The US Army has accused the Botswana Defence Force (BDF) of mimicking the Indian army in its current set up and ignored its unique retention and recruitment process.
A report published at the U.S. Army Sergeants Major Academy based in Texas quotes Sgt. Maj. Carolina D. Johnson, as saying that “When they (Botswana) set up the recruiting process, they mimicked the Indian army.” “They literally took it and changed the name. They didn’t craft it to fit their concepts. So what you saw is that they recruited this person with this skill set, but the job required a different skill set,” said Johnson. Johnson made this observations at a workshop she held in April 2013 consisting of 35 male and female Botswana Defence Force soldiers. The workshop was at the invitation of Deputy Commander of the Botswana Defense Force, Maj. Gen. Placid Segokgo. According Jonson, the BDF lieutenants requested a revision of the requirements so that they could recruit individuals with the skill sets that were actually needed. Johnson helped the group as they began to craft new policies. The BDF soldiers also discussed the establishment of fair housing policies.
“If soldiers are not able to obtain housing on-post ÔÇô often the case if they do not have children ÔÇô they are given very little money for off-post accommodations,” Johnson noted. The BDF soldiers also complained to Johnson that they have to be able to live decently. “They don’t want nine soldiers living in a house together, or their soldiers living in the ‘slums’,” Johnson noted. Johnson who was tasked with discussing ways to help integrate females into the BDF with soldiers noted that progress continues slowly in Botswana, “but within the last year, small victories can be noted.”
Based on funding, training and housing, Botswana is not yet ready to bring enlisted females into the force, Johnson said. Through the workshops held with the assistance of the US army, the BDF was able to identify some of the main roadblocks standing in the way of that goal. “Now it is up to the leadership and middle management to make the changes happen”, she said. Johnson also noted that some of the females who participated in the workshops have been promoted with waivers until issues with the physical fitness test can be resolved, and the country has sent its first female soldier to the Defence Command and Staff College in Gaborone, Botswana. The Botswana Defence Force was established in 1977 and began recruiting female officers in 2008.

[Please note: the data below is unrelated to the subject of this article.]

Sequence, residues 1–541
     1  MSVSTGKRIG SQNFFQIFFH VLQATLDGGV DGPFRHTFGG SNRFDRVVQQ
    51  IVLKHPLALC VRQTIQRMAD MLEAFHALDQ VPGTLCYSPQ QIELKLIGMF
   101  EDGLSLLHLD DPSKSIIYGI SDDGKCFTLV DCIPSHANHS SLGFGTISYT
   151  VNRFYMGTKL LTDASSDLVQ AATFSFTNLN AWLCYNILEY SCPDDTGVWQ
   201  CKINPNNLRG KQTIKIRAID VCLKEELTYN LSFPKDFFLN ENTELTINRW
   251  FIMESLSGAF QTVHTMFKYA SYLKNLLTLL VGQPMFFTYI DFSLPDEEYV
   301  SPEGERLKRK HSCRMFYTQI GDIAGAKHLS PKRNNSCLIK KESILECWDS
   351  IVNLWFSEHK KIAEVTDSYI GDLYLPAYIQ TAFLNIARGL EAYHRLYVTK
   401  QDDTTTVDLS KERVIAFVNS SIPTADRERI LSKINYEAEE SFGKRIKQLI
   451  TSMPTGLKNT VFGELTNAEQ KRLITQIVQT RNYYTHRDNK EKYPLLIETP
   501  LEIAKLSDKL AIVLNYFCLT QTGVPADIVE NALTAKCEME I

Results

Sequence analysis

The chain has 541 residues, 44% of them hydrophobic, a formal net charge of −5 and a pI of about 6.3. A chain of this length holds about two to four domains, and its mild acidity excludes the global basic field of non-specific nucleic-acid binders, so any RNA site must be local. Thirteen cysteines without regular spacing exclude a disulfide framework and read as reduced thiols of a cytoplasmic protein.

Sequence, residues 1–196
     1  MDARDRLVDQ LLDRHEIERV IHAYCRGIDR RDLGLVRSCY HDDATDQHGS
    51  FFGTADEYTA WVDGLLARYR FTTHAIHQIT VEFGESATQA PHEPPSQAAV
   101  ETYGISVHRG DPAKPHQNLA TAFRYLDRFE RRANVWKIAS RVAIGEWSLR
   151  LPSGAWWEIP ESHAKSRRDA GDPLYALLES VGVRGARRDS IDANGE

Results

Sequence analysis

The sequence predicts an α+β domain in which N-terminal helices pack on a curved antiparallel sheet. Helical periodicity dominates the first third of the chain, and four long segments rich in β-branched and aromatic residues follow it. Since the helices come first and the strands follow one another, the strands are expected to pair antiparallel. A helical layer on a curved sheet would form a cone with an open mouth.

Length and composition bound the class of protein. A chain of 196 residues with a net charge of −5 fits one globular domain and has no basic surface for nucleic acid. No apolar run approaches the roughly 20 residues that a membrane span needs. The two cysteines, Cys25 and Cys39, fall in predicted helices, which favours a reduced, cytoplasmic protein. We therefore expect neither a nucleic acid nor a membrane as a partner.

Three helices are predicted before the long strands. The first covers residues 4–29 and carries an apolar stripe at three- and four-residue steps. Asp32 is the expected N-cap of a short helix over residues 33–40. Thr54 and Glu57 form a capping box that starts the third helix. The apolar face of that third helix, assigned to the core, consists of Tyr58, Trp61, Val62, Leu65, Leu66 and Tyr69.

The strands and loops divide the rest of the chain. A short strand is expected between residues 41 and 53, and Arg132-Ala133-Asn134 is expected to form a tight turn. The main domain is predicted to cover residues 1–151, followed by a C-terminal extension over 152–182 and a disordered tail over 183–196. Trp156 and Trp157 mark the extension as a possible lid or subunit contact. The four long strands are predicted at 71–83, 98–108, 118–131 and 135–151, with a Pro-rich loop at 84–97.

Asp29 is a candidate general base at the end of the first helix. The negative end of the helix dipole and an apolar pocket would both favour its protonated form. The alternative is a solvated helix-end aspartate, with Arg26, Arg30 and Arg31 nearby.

Most soldiers were supportive of the idea of females in the force, but the transition was not easy, Johnson said. “They said when [females] showed up, they didn’t know what to do with them,” she said. Johnson observed that “Some of the ladies had master’s degrees in intelligence and other areas, but they didn’t know how to use them, because they were stuck on the female role within society ÔÇô my girlfriend, my secretary, my coffee-maker. And so those were the roles that women assumed in the BDF. Now, I think they are all at that point where the females think, ‘I came here to be a soldier, to add value to the defense force. I’m nobody’s “girl.”
Don’t call me “sister.” Respect me as the officer that I am.’” The work shop was also aimed at discussing BDF’s female and male soldiers’ concerns and figure out what the United States could do to help make the integration of females there a success. Johnson notes that after herself and Col. Sara Simmons left Botswana, not much progress was immediately made. The two remained in contact with the group, asking, “Are you moving forward? Are you implementing any of these things?
Are you writing these policies?” They received little feedback. “Of course the females want it, but they don’t have the power or authority to make it happen,” Johnson said. “I think their top leadership wants this as well, but the middle management is not so committed. And middle management is where it really needs to happen for change to take place,” she said.